The Universal Declaration of Human Rights, which was adopted by the United Nations General Assembly on December 10, 1948, was the result of the experience of the Second World War with all of it inhumanity.
The following is an account of a visit by Columban Fr. Seung Won Joseph and some Korean youth – including Columban candidates and seminarians – to a number of Columban parishes in Fiji during July 2016.
I once knew a priest who was the life of the party but prone to take over any party he attended. Most people enjoyed his company, but he was also said by many to "have a great welcome for himself."
The Ocean's (Atlantic) Influence Island life is shaped by the ocean.
I usually spend my summer break walking the sands and enjoying the beach but this time around I decided to walk the hills of Don Victoriano Chiongbian, a town of Misamis Occidental, the Philippines, and enjoy the cool river waters of Salug.
As part of the on-going formation and education of Columban lay missionaries, I was privileged to take a six-month course on facilitating retreats for young people. The course has given me an in-depth understanding on the psyche and culture of young people in this modern time.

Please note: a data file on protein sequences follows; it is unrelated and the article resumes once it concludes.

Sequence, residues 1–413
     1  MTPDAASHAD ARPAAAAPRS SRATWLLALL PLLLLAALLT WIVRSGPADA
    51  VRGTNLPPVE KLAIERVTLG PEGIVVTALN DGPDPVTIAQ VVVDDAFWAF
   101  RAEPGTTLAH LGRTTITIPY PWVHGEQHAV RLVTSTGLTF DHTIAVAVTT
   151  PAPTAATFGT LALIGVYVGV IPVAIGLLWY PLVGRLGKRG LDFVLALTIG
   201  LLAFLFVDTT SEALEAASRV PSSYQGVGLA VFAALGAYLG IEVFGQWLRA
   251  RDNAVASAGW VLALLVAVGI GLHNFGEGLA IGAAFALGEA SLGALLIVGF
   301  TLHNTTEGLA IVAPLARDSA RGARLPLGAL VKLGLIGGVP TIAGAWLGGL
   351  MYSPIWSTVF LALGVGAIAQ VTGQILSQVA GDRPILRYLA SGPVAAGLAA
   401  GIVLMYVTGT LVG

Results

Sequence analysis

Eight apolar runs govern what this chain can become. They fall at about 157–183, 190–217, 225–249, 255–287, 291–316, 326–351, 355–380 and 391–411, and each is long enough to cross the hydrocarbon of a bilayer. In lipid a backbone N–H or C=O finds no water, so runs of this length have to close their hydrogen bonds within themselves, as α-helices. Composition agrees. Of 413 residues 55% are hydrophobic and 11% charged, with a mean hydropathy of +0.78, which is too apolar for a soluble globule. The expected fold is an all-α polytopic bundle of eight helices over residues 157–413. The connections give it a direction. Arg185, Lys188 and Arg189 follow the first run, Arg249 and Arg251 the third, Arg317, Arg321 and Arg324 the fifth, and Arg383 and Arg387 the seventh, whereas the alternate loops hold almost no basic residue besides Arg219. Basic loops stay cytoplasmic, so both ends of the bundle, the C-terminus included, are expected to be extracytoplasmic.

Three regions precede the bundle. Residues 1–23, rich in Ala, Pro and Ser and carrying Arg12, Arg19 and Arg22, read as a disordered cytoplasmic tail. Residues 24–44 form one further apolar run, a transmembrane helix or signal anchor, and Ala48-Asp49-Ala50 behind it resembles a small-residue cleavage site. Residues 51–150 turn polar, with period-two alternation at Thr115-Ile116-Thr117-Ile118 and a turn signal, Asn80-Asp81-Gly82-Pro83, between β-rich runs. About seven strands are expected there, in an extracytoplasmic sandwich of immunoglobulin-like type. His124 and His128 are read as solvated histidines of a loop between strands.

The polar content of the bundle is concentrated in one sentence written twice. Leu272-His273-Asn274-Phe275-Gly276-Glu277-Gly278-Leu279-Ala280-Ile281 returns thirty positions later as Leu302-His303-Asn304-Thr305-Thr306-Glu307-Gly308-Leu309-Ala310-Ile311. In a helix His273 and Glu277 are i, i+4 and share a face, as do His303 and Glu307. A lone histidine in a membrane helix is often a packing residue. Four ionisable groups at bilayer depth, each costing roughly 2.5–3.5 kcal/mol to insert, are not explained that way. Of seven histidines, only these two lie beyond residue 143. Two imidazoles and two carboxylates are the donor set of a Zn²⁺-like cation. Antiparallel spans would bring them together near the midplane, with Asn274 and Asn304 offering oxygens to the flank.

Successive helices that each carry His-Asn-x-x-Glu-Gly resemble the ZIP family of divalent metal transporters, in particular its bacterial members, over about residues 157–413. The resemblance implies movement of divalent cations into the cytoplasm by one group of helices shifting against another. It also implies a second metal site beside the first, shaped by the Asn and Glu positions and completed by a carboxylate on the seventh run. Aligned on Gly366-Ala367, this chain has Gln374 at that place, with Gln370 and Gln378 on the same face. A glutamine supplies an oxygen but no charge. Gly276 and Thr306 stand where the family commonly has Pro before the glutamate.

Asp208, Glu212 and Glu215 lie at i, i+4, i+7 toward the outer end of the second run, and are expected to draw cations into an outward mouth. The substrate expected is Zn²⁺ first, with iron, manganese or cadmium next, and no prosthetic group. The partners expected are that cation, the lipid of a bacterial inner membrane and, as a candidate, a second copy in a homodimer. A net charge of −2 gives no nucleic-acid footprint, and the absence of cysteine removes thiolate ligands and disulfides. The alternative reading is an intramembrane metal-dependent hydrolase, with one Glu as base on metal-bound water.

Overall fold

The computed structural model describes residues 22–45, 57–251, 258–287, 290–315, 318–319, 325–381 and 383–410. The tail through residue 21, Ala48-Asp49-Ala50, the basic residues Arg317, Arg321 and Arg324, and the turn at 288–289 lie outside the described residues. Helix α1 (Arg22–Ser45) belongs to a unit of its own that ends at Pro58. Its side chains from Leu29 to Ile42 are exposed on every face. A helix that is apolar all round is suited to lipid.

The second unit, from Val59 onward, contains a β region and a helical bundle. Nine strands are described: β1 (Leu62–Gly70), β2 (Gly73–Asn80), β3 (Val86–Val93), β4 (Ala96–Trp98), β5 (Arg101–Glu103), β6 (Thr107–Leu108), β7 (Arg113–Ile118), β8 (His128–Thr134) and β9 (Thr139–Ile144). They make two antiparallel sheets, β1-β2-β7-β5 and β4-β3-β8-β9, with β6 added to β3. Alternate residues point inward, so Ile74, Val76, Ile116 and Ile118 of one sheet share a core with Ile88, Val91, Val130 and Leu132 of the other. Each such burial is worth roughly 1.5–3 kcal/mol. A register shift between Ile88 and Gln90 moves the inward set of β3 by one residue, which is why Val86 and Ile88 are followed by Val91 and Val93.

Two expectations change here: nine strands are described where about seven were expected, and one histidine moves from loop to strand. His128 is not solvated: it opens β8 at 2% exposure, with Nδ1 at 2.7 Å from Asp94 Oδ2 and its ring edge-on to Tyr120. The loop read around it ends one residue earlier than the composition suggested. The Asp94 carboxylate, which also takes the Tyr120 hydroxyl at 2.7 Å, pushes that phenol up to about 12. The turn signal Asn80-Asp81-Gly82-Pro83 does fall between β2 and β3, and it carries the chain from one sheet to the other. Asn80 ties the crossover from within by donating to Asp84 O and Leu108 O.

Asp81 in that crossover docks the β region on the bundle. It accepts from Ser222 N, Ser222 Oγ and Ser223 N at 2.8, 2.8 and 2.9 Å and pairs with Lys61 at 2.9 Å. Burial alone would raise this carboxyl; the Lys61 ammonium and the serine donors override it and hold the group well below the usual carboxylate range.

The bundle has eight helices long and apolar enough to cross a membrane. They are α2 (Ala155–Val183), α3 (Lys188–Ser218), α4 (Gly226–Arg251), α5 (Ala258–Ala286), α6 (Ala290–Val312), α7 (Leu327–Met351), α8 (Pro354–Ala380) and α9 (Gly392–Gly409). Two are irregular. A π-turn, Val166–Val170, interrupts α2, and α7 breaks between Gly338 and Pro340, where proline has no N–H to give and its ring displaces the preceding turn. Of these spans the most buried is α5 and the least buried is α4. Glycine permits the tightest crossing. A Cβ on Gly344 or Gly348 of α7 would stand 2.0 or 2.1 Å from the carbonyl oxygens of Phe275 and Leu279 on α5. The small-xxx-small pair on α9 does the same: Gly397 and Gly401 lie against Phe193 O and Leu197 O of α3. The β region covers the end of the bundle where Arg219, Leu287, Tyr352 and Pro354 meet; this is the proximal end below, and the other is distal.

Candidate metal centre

It was a great joy for me to be invited, two years ago, to return to Santiago, Chile, to celebrate 40 years of the Columban Sisters' mission in that beautiful country.
As a teenager I browsed whatever reading materials were left around my home: Sunday newspapers that my father enjoyed; novels that my older brother and sisters considered worthwhile; and religious magazines that my mother read at the end of her busy days.
Fifty years ago I was pastor of an "old Christian" community on Amakusa Island in the far south of Japan. By "old Christian" I mean that a Jesuit missionary, Fr. Luis Almeida, founded the parish in 1566. Then the Tokugawa daimyo government expelled or executed all missionaries.